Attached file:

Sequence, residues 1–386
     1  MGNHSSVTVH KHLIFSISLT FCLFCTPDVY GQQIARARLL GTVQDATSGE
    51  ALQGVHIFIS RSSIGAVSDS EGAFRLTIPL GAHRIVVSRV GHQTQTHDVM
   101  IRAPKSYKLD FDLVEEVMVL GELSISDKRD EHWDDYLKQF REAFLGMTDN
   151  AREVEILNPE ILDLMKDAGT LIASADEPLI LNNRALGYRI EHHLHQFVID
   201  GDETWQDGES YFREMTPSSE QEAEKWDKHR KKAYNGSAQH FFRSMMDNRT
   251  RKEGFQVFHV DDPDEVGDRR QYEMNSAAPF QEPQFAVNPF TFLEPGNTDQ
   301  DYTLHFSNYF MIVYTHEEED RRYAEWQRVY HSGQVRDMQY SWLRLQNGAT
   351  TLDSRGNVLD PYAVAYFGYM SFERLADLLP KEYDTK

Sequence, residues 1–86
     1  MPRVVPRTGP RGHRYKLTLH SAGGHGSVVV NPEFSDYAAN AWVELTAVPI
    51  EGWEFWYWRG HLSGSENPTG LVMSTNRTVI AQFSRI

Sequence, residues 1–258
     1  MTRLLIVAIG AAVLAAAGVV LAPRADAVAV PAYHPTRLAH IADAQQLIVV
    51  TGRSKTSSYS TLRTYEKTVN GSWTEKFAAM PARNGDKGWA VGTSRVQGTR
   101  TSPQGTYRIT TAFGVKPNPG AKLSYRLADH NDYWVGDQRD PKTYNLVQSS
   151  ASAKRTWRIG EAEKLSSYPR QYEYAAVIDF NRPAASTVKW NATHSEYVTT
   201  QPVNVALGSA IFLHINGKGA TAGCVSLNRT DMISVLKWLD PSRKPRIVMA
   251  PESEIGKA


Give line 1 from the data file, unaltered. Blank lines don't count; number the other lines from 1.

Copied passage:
Sequence, residues 1–386